thereby causing the PMTUD mechanism to fail. If the PMTUD mechanism fails, this will cause transmission of data between the two hosts to fail silently due to the traffic being black-holed. As a result, the potential for application-level issues may be created. 5. Unexpected Interactions with Some NAT Implementations Private addressing is legitimately used within many enterprise, corporate, or government networks for internal network addressing. When users on the inside of the network require Internet access, they will typically connect through a perimeter router, firewall, or network proxy that provides Network Address Translation (NAT) or Network Address Port Translation (NAPT) services to a public interface. Scarcity of public IPv4 addresses is forcing many service providers to make use of NAT. CGN (Carrier-Grade NAT) will enable service providers to assign private [RFC1918] IPv4 addresses to their customers rather than public, globally unique IPv4 addresses. NAT444 will make use of a double NAT process. Unpredictable or confusing interactions could occur if traffic such as traceroute, PMTUD, and possibly other applications were launched from the NAT IPv4 'inside address', and it passed over the same address range in the public IP core. While such a situation would be unlikely to occur if the NAT pools and the private infrastructure addressing were under the same administration, such a situation could occur in the more typical situation of a NATed corporate network connecting to an ISP. For example, say 10.1.1.0/24 is used to internally number the corporate network. A traceroute or PMTUD request is initiated inside the corporate network from say 10.1.1.1. The packet passes through a NAT (or NAPT) gateway, then over an ISP core numbered from the same range. When the responses are delivered back to the originator, the returned packets from the privately addressed part of the ISP core could have an identical source and destination address of 10.1.1.1.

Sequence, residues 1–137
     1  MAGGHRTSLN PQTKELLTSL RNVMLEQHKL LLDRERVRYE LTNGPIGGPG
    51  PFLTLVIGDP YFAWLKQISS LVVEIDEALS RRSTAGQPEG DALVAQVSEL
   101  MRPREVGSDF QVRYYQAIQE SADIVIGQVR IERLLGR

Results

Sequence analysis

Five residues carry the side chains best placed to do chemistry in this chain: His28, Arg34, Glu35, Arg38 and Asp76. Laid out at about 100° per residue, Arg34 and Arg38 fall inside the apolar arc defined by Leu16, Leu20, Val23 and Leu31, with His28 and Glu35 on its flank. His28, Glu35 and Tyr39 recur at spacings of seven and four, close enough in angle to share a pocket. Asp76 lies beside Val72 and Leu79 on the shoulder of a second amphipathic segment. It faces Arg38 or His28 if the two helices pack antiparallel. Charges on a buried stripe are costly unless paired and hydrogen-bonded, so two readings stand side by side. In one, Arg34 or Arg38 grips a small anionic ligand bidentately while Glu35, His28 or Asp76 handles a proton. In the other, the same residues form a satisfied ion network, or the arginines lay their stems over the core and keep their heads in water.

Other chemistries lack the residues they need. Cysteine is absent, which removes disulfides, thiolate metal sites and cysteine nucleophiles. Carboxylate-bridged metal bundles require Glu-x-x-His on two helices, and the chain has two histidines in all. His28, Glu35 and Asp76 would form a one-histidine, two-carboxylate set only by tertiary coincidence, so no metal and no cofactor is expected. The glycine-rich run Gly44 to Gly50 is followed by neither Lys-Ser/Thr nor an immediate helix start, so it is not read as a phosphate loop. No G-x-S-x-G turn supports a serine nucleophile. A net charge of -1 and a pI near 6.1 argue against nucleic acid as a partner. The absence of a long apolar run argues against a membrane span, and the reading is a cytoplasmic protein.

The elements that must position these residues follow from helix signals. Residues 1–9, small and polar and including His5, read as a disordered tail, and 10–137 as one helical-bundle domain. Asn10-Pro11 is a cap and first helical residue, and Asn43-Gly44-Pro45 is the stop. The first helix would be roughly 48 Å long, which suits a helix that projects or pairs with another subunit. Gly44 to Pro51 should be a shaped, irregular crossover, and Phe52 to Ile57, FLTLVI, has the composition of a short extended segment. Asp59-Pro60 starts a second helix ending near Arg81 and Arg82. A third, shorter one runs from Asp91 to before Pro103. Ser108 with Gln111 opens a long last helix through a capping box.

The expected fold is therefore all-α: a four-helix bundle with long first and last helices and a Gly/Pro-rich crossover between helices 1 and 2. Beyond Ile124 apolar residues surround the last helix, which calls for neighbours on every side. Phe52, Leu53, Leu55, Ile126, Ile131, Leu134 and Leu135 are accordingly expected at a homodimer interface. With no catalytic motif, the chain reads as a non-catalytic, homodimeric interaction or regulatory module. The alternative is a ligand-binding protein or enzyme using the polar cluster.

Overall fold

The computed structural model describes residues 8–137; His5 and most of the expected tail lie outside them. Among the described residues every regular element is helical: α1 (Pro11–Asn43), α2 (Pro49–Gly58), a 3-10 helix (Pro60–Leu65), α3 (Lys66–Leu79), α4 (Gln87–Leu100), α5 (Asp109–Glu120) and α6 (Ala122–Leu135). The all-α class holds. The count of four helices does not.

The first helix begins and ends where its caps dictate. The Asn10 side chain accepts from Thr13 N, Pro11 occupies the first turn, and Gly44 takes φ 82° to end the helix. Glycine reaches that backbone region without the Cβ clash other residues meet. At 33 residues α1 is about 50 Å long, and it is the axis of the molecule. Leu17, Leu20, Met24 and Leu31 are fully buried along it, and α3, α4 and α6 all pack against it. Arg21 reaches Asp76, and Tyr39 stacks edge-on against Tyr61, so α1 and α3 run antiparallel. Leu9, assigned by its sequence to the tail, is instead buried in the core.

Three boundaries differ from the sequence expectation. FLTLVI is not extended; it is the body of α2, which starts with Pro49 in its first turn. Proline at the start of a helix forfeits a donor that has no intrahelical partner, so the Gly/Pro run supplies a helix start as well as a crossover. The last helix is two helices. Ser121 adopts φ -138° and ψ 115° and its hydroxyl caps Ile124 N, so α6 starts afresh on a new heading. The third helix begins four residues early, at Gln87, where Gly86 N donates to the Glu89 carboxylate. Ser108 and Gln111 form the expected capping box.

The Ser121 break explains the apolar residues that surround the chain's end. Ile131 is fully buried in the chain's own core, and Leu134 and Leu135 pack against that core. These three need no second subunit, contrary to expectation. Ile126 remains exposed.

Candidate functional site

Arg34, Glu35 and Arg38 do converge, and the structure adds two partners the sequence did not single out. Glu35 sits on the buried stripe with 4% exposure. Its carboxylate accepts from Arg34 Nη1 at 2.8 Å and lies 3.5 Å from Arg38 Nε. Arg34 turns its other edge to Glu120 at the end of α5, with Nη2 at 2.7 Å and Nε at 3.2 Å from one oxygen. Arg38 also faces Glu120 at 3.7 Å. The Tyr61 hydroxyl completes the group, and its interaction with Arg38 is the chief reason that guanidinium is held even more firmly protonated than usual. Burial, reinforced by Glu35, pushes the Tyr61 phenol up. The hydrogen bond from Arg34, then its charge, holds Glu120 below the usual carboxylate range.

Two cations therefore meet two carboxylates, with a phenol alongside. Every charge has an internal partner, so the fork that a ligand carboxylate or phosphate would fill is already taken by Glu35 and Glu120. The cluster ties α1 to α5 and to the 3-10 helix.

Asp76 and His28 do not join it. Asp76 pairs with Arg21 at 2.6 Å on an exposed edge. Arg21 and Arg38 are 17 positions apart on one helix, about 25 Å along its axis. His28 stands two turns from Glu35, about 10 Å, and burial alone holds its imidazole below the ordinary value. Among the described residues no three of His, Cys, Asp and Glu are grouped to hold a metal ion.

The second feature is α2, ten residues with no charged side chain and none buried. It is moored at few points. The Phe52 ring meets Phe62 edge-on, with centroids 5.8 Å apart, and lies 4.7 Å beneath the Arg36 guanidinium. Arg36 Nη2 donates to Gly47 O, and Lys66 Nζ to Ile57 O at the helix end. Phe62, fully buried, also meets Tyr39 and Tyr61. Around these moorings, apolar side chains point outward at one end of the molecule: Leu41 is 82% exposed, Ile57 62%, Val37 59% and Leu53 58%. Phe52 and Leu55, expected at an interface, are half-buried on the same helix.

NAT Pool - 203.0.113.0/24 10.1.1.0/30 10.1.1.0/30 198.51.100.0/30 198.51.100.12/30 198.51.100.4/30 .1 .2 .14 .13 .1 .2 .6 .5 .2 .1 R1-----------R2-----------R3---------------R4----------R5----------R6 NAT R6 Loopback: 198.51.100.100 R1#traceroute 198.51.100.100 Type escape sequence to abort. Tracing the route to 198.51.100.100 1 10.1.1.2 0 msec 0 msec 0 msec 2 198.51.100.13 0 msec 4 msec 0 msec 3 10.1.1.2 0 msec 4 msec 0 msec <<<< 4 198.51.100.5 4 msec 0 msec 4 msec 5 198.51.100.1 0 msec 0 msec 0 msec R1# This duplicate address space scenario has the potential to cause confusion among operational staff, thereby making it more difficult to successfully debug networking problems. Certainly a scenario where the same [RFC1918] address space becomes utilised on both the inside and outside interfaces of a NAT/NAPT device can be problematic. For example, the same private address range is assigned by both the administrator of a corporate network and its ISP. Some applications discover the outside address of their local Customer Premises Equipment (CPE) to determine if that address is reserved for special use. Application behaviour may then be based on this determination. "IANA-Reserved IPv4 Prefix for Shared Address Space" [RFC6598] provides further analysis of this situation. To address this scenario and others, "IANA-Reserved IPv4 Prefix for Shared Address Space" [RFC6598] allocated a dedicated /10 address block for the purpose of Shared CGN (Carrier Grade NAT) Address Space: 100.64.0.0/10. The purpose of Shared CGN Address Space is to number CPE (Customer Premise Equipment) interfaces that connect to CGN devices. As explained in [RFC6598], [RFC1918] addressing has issues when used in this deployment scenario.